Jimmie (The Greek) Snyder (right), a large, shrewd and popular man who broods about his weight, is the foremost oddsmaker and, as he grandly but precisely expresses it, "speculator in sports" in Las Vegas. Oddsmaker is, in a sense, a euphemism for bookie, a familiar noun Jimmie avoids as connoting a form of illegal and disreputable low life (so is the offending blowfish marketed as sea squab).
Jimmie is distressed by the raffish crowd whose members, technologically unemployed by repeal, became bookmakers with no other professional qualification than the ability to lick a pencil point and write "5" for the 5 horse. He is fond, on the other hand, of reciting the academic attainments of his Las Vegas confreres who graduated from or attended such institutions as Rice, NYU, Creighton, Notre Dame and Yeshiva, and of reminding his listener that there are more bank presidents in jail than bookmakers.
Snyder went to college, too, but will not mention which one. "I wouldn't want the school to get mad at me," he says. Jimmie feels that the force of public opinion is unfairly marshaled against a generally blameless and difficult profession. "I'm square," he pleads. "I lead a normal life. They're always trying to put a cigar in my mouth. The only bad habit that I have, if you could call it that, is my family." His family includes his wife Joan, a graduate of a Catholic college, his son Jamie, 5, daughter Stephanie, 2�, and a daughter from a previous marriage who attends the University of Nevada. "I can't tell you the exultation I get picking up Stephanie after I've lost a bet," he says. "I'm not a crook. I'm not a thief. I'm a gambler—and a damn good one."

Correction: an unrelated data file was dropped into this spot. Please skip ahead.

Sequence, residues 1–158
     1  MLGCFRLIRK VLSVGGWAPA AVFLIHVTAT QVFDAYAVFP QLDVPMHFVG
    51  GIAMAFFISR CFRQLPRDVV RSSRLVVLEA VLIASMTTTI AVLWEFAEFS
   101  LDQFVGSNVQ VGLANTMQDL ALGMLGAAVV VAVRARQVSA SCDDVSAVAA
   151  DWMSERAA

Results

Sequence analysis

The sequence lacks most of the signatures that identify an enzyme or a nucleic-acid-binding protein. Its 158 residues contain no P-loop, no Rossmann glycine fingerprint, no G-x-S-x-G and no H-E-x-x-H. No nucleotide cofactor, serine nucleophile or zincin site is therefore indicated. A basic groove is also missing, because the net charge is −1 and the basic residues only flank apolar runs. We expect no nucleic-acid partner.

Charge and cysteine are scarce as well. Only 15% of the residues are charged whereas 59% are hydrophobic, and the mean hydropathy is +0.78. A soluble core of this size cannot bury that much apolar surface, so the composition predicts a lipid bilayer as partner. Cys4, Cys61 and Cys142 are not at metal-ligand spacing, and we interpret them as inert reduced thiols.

Betting on sports is legal in the singular and swinging city of Las Vegas, if one wagers on licensed premises, known as sports books. Until recently there were seven—three on the Strip and four downtown within earshot of a monstrous, mechanical cowboy who gratuitously bellows "Howdy, pardner" every 15 seconds. It has been facetiously remarked that the cowboy is, in fact, a government man and that he is snidely greeting the proprietors of the sports books. These gentlemen comprise a mournful and dwindling fraternity—three books closed last week—whose major lament is that each bettor must pay an intolerable 10% federal tax when he makes a bet. A minor, but equally plaintive, refrain is that it is now illegal to supply odds to out-of-state customers, once a profitable sideline.
It has been estimated that 95% of all wagering on sports in Las Vegas is done sub rosa, or man to man, to avoid the tax and that if the government were more tolerant and reasonable business at the sports books would be up 1,000%. As it stands, the high gamblers gather about the lowball or klaberjass tables, in Strip coffee shops or health clubs, sipping raspberry phosphates or moodily wrapped in sheets. A typical scene between two gamblers who shall be called Big Red and Baron:
: Do you gentlemen wish to wager on any sporting events?
Baron: What futures you got?
: Texas, Texas A&M.
Baron: Where's it at?
: College Station.